Chuck Ramirez American, 1962-2010

Trash Bags 1998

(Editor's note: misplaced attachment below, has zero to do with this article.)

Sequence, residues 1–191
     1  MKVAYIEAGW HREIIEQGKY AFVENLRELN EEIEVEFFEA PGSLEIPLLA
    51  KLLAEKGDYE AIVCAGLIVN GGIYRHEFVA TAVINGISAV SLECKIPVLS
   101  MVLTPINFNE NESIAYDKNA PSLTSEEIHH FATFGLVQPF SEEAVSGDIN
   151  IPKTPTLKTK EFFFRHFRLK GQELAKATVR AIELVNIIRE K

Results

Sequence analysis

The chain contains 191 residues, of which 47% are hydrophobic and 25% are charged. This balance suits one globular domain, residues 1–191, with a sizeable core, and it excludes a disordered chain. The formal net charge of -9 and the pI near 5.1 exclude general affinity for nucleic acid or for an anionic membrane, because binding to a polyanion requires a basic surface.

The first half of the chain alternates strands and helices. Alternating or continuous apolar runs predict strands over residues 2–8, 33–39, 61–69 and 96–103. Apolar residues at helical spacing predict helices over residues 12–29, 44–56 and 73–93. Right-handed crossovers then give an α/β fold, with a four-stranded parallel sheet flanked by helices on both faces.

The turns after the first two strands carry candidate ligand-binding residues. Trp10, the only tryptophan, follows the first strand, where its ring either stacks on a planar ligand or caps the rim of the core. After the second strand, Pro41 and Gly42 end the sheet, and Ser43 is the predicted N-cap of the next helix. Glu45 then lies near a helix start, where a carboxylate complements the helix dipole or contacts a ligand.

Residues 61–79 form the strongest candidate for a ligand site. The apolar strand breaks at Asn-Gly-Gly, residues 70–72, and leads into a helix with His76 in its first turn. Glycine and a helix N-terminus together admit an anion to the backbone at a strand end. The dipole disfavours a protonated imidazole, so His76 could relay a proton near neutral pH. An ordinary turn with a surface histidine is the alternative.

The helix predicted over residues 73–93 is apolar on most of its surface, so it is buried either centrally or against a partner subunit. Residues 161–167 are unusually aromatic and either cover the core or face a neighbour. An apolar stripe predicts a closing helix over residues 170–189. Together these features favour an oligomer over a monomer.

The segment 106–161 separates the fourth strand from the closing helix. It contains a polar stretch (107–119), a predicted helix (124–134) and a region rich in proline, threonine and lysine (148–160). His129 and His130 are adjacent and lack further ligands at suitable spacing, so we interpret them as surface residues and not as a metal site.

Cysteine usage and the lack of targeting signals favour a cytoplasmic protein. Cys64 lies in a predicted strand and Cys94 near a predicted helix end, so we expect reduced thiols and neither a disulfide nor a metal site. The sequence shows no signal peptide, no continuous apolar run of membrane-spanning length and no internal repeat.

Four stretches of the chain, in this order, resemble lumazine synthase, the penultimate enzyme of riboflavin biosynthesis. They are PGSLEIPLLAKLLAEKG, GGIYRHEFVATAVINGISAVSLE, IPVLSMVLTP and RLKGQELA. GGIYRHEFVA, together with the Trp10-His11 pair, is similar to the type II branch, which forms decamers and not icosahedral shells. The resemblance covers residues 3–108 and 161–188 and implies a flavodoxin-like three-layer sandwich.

And then there’s the trash…or rather, big, beautiful bags of trash. Afghans (1998), a large-format photograph, displays two translucent white garbage bags each with a dark and multicolor patterned afghan inside. Chuck Ramirez presents trash bags staged on a white ground, as aesthetic “things” to be looked at. As the gaze lingers, so too do the effects of Ramirez’ staging: Who owns the afghans? Have they stayed in their tightly knotted bags in the basement or the attic all summer long? Do they have the scent of damp mildew or stale heat? Are they the work of grandma’s pragmatic hand or are they dime-a-dozen knockoffs? These sacks caught on clinical backgrounds pair formality with informality. The “inside” reveals itself through the outside. Portraiture is one of the underlying characteristics in Ramirez’ work. By naming these works, the artist bestows each with a narrative and identity: Wal-Mart (1998) takes its title from the visibility of an advertising leaflet;Fitness(1998) is so named because of a body building magazine’s positioning towards the front of the bag. These works are not about branding or the discarding of such, nor do they simply reveal their contents. They are staged bags stuffed with sorted refuse. It is this aspect in particular, and in this series specifically, that plays so well to the inquisitive and contemplative mode of the object-as-object’s “presentness” and the more cynical and humorous mode of its “deadpannedness” that is such a significant part of Ramirez’ oeuvre. In Black Sack 1, Black Sack 2, White 1, White 2 (all 1998), the bags are opaque, and as evidenced by the titles, fairly self-referential. In this way, these works lend themselves most to a pop-cum-minimalist aesthetic; yet they also tend to subvert the direct referentiality that those aesthetics so envisaged. Perhaps they subvert in their trashiness. They are literally stuffed with garbage. On a purely formal level, they defy the regimented and graphic form of the canonical works of 1960s pop and minimalism. This wonderful play of the informal and the absolute low (trash), masquerading on a formal stage is the hallmark of this series. Essay by Jennifer Davy.